LONDON — Prince Philip has been transferred from a specialist cardiac hospital to a private facility to continue his recovery after a heart procedure, Buckingham Palace said Friday. The palace said the 99-year-old husband of Queen Elizabeth II underwent a successful procedure for a pre-existing heart condition at St Bartholomew’s Hospital on Wednesday. He was moved to King Edward VII's hospital on Friday and is “expected to remain in hospital for continuing treatment for a number of days,'' the palace said. Philip was admitted to the private London hospital on Feb. 16, where he was treated for an infection. On Monday he was transferred to the specialized cardiac care hospital. Philip’s illness is not believed to be related to the coronavirus. Both Philip and the monarch received COVID-19 vaccinations in January and chose to publicize the fact in order to encourage others to also take the vaccine. Philip, also known as the Duke of Edinburgh, retired in 2017 and rarely appears in public. Before his hospitalization, he had been isolating at Windsor Castle, west of London, with the queen. Although he enjoyed good health well into old age, Philip has had heart issues in the past. In 2011, he was rushed to a hospital by helicopter after suffering chest pains and was treated for a blocked coronary artery. The longest-serving royal consort in British history, Philip married the then-Princess Elizabeth in 1947. He and the queen have four children, eight grandchildren and nine great-grandchildren. His illness comes as the royal family braces for the broadcast on Sunday of an interview conducted by Oprah Winfrey with Meghan, Duchess of Sussex. Meghan and husband Prince Harry quit royal duties last year and moved to California, citing what they said were the unbearable intrusions and racist attitudes of the British media. The Associated Press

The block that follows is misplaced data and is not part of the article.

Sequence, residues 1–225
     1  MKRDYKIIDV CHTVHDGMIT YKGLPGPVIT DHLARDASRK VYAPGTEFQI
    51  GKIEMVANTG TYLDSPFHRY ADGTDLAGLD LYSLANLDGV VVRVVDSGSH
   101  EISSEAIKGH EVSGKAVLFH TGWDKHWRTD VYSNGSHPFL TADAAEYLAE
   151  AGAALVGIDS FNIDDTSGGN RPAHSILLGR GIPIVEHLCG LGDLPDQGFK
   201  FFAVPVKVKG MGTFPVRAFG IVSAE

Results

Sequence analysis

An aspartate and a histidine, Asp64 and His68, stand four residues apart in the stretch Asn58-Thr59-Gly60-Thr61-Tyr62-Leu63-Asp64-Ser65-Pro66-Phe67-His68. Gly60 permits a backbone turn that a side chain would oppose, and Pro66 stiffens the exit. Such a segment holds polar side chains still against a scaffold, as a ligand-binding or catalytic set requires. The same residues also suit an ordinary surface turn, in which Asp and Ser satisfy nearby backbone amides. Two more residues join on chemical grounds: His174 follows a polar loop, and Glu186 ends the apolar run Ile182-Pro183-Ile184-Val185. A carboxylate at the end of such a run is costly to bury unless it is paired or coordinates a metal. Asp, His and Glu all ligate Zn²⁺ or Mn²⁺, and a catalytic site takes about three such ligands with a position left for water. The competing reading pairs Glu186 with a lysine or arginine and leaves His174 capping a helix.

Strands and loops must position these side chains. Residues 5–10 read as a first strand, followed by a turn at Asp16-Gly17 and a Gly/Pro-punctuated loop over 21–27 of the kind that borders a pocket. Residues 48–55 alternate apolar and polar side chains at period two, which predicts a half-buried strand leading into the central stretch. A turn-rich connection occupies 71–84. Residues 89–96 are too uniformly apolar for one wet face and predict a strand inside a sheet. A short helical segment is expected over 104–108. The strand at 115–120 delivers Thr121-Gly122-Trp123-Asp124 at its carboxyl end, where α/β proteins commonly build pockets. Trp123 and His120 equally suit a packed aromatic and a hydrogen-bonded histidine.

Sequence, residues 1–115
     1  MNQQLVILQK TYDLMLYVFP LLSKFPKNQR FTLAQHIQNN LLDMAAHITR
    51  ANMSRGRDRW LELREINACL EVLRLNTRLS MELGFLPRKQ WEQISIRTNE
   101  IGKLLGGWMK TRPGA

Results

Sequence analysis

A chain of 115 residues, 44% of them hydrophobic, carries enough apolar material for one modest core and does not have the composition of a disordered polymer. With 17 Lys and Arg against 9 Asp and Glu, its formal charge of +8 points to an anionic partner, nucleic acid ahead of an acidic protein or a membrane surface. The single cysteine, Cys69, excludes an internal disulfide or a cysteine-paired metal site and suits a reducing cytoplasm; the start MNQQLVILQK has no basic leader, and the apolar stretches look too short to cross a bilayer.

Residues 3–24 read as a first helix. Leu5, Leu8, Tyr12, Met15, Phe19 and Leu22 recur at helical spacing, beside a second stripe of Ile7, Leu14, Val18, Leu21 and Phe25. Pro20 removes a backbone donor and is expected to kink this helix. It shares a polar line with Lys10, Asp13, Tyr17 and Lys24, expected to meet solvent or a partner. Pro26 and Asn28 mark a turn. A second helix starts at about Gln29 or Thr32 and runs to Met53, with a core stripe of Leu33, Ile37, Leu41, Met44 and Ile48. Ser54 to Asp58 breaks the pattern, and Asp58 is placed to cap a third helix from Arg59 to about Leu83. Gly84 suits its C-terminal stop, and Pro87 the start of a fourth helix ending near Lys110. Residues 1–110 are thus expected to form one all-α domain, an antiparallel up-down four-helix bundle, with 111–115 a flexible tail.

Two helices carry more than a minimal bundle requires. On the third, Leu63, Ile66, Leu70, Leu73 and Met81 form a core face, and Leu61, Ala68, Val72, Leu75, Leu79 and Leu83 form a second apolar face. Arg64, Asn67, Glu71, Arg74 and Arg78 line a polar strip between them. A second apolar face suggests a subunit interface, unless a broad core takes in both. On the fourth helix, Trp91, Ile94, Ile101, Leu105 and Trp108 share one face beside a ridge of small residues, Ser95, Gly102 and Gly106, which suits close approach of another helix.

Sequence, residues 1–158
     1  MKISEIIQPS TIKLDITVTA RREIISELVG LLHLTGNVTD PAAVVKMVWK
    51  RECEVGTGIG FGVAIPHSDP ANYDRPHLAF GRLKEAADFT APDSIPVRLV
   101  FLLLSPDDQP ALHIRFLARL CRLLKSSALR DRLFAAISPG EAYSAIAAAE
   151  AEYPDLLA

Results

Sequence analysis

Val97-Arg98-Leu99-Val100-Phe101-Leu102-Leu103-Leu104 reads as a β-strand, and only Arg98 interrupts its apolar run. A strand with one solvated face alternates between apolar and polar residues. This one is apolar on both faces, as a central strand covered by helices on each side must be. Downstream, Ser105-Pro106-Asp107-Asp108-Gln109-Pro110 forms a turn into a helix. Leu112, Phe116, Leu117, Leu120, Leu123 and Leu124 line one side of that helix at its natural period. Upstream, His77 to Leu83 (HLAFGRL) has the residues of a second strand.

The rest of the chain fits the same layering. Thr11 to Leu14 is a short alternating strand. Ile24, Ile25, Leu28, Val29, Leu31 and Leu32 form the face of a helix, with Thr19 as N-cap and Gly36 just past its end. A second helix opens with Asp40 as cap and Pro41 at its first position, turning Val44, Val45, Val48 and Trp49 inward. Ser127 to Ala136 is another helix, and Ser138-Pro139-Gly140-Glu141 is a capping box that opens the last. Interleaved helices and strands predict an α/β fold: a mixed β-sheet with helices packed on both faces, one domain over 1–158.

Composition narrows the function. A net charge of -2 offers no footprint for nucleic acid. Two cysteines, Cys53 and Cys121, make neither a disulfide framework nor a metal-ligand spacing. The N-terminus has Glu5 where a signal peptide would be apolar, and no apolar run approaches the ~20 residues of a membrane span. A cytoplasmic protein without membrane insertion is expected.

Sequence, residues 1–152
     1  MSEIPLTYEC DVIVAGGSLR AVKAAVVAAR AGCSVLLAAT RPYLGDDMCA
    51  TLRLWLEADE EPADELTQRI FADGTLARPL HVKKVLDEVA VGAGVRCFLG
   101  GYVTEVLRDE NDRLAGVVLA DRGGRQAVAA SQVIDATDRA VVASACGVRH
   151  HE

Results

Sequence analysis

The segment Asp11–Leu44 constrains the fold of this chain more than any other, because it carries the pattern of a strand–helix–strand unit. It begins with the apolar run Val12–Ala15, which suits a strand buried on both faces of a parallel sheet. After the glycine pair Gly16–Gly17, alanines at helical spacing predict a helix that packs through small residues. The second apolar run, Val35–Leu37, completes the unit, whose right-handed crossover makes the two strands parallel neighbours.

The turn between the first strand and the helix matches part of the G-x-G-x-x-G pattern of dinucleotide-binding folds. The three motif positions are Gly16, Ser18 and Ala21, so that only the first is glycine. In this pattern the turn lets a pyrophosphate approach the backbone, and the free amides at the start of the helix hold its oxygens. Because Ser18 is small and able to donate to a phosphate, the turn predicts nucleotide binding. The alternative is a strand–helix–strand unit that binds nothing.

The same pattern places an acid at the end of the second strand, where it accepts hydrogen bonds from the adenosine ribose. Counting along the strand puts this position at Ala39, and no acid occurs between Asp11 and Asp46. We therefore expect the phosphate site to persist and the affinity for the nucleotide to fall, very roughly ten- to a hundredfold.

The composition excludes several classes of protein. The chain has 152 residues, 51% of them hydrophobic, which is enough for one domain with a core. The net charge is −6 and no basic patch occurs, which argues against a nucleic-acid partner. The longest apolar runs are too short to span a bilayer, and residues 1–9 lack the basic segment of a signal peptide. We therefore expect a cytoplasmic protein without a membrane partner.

Women in Uxbridge who find themselves in unsafe domestic circumstances will soon have an alternative to heading to the south part of the region - North Durham is finally getting a women’s shelter. Two representatives from The Nourish and Develop Foundation (TNDF), in Cannington, spoke at Monday’s council meeting to “introduce themselves” and tell council what services are currently available at TNDF, and that more, including the shelter, are coming. Johanne St. Louis, women’s services coordinator at TNDF, gave council some details regarding the new shelter, which will be built onto the current home of TNDF in Cannington. The shelter, as she described it, will cover 2,500 square feet over three floors and be a 12-bed VAW [Violence Against Women] Emergency Shelter, “so it will be very secure.” “The shelter will be able to accept to women who are wanting to leave abusive relationships, to victims of human trafficking, to women at risk of homelessness, and to teens over 16 who cannot live at home,” explained St. Louis. St. Louis also revealed that the shelter, which is expected to operational by Fall 2022, will be a pet-friendly shelter, meaning that women will be welcome to bring family pets with them to the shelter. The only other shelter that does this in Durham Region is in Bowmanville. In addition to being pet-friendly, TNDF is organizing a livestock fostering program, so larger animals that need care will go to local farms and live there until such time as the woman “can get sorted and into a new place.” The TNDF shelter will be the fifth in Durham Region - the other four are in the south, and St. Louis told council that, in working with these various shelters, consensus is that women in the northern part of the region are very reluctant to seek help in the south. “We found that women often stay in bad situations just because the alternative is scary. If you’re from [anywhere in North Durham] you may not want to go to Oshawa and uproot your children and change your whole life. Your job may be here, your supports are here. This is an exciting opportunity for women north of the 407 to get help that’s more specific to their needs.” Regional councillor Gord Highet asked St. Louis whether the TNDF shelter would specifically serve only the residents of Brock Township, Scugog and Uxbridge. St. Louis explained that, at the moment, many of the services that the TNDF offers are for Brock residents, but that the shelter would be open to all of North Durham. She added that, if someone from the south needed help leaving a situation and the North Durham shelter had a bed available, the woman would not be turned away. Highet then commended St. Louis and her colleague, community development manager Rebecca Jeschke, stating that “people think of this issue as a metropolitan problem, but it’s not.” Jeschke, at the beginning of the presentation to council, explained that TNDF has been working in the community for several years to enhance local food security, including operating a food bank, a seed library and a community garden. It’s now expanding its services to specifically support women in need. “The connection to these food access programs and a women’s shelter may not be clear,” said Jeschke, “but the conditions that lend themselves to food insecurity ... can also give rise to intimate partner violence,” said Jeschke. “For this reason, women’s services at TNDF is a natural fit.” A women’s services resource centre will be opening next month. St. Louis pointed out that the resource room will be named to honour Brock Mayor Debbie Bath-Hadden, who passed away in January. Currently, TNDF offers services and support to women who are experiencing violence and abuse. The organization provides emergency supplies such as food and clothing, as well as referrals to emergency services, counselling and transitional housing, all while raising awareness for the prevention of violence against women in the community. “Our main goal at the moment is to raise awareness about our current services which include advocacy, referrals, emergency food, clothing and transportation as well as counseling services. We want the women in our communities to know they are not alone and help is available,” says St. Louis. She also noted that TNDF is collecting a few items for its resource centre. “We need new cosmetics, toiletries, socks, pajamas and undergarments for women. We are also collecting books for our library. These could be novels, self-help or other inspiring books that might be interesting to women.” Items can be dropped off by appointment at TNDF in Cannington. The Nourish and Develop Foundation is a privately funded foundation, and monetary donations can be made directly through its website. More information about its many services and programs can found at www.tndf.ca It can also be reached by phone at 705-996-0302 or toll free at 833-979-0302. Justyne Edgell, Local Journalism Initiative Reporter (with Lisha Van Nieuwenhove), The Uxbridge Cosmos